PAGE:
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“I’m mad as hell and I am not going to take this anymore.”

These memorable words were shouted in the movie Network by legendary fictitious newscaster, Howard Beale. Peter Finch posthumously won an Oscar for his portrayal in this terrific 1976 movie (could it really be 38 years ago?). That famous scene obviously touched a nerve in all of us, and captured the way we all sometimes feel—frustrated, overwhelmed and wanting to lash out.

However, this Wednesday’s Struming is not a rant about injustice and rising up against authority. It is merely some instruction about what a person can do to get their legitimate complaints heard and responded to.

In purchasing products and services over the years,  we’ve all experienced frustration at some point in our lives when we’ve gotten a defective product, lousy service, delivery/service who don’t show up, and worse yet, no respect or consideration when we’ve spoken up and pointed out the problems. There is something about human nature and corporate indigence that wants to make the complainer the problem. Those who complain are foolish whiners, kvetchers and unappreciative—at least many companies appear to think so. These are the same companies, who have slogans “The Customer is King” and “Quality” on signs in their workplace. And we, the American public, often suffer in silence and frustration, or maybe tell a small ring of friends and family how we’ve been mistreated.

Today’s Struming is a small lesson on how to use social media as a means to respond.

I’ve always said that social media is a megaphone that allows our thoughts and ideas to be heard. Speak intelligently, touch a nerve, along with a substantial audience and companies now are forced to pay attention. The now famous United Breaks Guitars song/video  is a great example of this payback (check it out if you are not familiar). But we are not all songwriters, nor do have the capacity or interest to create a long form video.

But 18% of you (and growing, according to the latest Pew data) have twitter accounts, and even more have Facebook accounts, and that provides you the platform for you to voice your issues. And grudgingly, the companies that often provide the poor service are now the ones who are forced to staff their corporate social media teams to monitor and respond to social media complaints.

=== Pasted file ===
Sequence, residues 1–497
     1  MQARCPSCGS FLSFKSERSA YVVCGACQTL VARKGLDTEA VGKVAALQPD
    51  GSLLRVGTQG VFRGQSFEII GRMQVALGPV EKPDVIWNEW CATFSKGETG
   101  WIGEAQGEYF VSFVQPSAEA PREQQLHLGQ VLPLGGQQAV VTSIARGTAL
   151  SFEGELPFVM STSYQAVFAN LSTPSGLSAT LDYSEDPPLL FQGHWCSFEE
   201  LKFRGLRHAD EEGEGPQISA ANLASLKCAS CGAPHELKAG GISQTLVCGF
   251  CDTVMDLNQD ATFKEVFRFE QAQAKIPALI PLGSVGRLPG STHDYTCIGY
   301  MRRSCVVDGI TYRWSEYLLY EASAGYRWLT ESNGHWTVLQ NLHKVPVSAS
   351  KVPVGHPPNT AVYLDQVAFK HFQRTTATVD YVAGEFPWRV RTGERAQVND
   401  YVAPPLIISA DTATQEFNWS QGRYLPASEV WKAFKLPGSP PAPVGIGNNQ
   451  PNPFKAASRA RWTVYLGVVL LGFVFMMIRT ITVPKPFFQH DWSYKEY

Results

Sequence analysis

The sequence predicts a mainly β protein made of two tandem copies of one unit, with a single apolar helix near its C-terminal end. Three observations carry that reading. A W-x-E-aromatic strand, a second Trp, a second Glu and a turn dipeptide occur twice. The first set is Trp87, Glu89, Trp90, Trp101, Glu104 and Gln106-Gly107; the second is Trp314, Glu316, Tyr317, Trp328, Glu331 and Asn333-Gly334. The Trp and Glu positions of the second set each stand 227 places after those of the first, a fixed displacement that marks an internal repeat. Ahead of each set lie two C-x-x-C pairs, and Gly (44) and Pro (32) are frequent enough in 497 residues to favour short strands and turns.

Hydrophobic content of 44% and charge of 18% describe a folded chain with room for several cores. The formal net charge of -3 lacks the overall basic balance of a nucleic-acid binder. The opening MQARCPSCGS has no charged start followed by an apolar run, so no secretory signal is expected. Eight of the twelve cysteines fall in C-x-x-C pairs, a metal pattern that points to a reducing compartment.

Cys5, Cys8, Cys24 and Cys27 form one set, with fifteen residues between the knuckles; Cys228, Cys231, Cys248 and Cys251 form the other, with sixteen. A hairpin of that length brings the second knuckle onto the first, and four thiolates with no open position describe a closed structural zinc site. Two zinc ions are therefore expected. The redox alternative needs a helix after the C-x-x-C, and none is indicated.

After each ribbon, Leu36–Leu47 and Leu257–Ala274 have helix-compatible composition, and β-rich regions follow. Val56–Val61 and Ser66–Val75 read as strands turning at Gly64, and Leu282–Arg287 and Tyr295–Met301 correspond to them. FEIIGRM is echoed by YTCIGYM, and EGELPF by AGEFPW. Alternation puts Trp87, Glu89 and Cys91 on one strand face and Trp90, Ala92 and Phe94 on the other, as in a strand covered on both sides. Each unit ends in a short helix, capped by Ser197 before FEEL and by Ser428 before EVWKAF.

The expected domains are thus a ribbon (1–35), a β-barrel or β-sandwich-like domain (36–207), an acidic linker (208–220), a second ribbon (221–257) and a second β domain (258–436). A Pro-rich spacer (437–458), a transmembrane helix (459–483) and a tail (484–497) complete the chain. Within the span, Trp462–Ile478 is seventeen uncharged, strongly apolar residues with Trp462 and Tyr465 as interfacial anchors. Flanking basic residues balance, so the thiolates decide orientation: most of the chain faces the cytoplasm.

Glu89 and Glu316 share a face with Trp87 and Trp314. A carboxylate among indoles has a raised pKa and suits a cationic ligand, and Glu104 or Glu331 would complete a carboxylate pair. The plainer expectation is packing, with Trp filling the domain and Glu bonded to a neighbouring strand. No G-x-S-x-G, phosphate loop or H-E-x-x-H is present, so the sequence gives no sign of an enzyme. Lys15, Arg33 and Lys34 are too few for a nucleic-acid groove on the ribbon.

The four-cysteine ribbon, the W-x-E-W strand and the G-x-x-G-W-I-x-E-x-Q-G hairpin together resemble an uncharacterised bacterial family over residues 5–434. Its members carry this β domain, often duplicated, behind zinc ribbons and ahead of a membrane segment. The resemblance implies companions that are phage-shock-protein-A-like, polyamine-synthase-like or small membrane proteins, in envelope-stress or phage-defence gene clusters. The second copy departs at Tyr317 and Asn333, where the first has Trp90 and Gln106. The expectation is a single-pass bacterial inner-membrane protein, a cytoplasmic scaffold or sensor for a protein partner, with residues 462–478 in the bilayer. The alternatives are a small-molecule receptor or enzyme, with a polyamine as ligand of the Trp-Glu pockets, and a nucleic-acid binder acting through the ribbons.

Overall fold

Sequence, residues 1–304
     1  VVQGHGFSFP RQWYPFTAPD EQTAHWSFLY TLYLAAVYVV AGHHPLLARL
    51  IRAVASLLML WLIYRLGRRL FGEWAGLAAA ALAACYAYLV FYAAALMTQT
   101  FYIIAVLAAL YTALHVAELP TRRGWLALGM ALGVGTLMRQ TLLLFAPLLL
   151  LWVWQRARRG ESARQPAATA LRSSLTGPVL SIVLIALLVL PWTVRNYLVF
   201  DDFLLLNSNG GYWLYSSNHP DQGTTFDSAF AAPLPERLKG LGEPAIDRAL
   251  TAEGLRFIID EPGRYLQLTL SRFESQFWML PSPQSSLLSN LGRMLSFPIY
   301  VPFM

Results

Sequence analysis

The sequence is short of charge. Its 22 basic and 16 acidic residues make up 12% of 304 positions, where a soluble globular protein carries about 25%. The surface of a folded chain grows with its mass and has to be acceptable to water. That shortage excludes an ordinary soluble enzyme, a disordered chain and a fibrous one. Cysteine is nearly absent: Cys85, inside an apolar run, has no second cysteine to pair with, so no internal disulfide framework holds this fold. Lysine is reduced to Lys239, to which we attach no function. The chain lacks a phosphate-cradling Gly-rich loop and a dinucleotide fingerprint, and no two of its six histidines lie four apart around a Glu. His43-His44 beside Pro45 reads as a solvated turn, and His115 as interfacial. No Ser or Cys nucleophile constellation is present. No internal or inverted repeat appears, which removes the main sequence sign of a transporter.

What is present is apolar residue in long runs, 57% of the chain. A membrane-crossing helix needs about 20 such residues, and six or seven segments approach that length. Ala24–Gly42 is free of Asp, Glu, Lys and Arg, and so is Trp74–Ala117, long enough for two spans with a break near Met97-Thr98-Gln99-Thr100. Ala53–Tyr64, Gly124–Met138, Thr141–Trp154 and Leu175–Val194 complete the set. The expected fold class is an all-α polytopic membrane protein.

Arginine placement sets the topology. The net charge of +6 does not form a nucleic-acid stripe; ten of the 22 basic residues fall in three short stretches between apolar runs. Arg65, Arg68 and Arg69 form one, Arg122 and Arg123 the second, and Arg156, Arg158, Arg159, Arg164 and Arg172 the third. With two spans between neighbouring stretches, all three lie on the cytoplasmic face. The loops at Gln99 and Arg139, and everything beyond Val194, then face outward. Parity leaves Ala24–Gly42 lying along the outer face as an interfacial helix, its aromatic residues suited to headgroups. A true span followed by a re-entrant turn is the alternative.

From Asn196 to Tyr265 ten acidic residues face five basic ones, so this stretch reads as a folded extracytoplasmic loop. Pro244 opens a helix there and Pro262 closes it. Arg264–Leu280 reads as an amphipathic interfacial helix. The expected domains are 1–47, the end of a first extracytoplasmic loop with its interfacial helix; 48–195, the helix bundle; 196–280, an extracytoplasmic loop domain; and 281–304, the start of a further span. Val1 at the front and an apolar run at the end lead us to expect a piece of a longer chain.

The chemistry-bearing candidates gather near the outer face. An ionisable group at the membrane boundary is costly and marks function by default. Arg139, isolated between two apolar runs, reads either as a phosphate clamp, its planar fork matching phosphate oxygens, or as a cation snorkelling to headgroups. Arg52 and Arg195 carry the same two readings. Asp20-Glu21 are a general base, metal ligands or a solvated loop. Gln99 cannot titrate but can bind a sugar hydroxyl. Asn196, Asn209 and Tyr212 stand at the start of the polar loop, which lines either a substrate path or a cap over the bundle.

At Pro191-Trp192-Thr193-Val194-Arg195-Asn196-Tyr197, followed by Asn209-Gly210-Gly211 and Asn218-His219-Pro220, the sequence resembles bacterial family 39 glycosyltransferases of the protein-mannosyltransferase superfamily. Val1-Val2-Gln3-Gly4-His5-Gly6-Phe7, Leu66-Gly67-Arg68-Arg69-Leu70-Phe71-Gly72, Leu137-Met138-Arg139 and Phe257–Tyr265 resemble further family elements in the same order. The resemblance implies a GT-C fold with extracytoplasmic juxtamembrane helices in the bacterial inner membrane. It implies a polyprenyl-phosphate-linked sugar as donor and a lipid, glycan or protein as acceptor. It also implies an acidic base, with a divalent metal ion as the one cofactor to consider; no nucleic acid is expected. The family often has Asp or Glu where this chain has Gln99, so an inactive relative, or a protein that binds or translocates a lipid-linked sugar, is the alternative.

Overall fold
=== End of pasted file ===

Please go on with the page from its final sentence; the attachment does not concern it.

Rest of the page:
Here’s a small real life example:

Our new Kenmore air conditioner was not working in a hot week in July. Ugh. I called Sears and asked for a quick response. They were not helpful, in fact they were condescending, and said a week or longer for a service person was the best they could do. Not good enough.

Here’s what I did. I tweeted at Sears as shown below and they saw it, and responded. Points for them.

Sears

sears final response

Having 7000+ followers may have helped get a response, but I figured if I expressed my frustration to a broad audience through twitter that it would get a response. And it did. Notice my first tweets–harsh and straightforward– and their subsequent response, followed by an immediate service call. Voila. It was amazing to see the new attitude that Sears displayed when they realized that I would not accept a delayed response to a legitimate gripe, when I would express myself strongly through social media.

So the next time you experience frustration, think about your social media megaphone. Use it wisely, and you’ll get probably get the response you seek. Isn’t social media grand?




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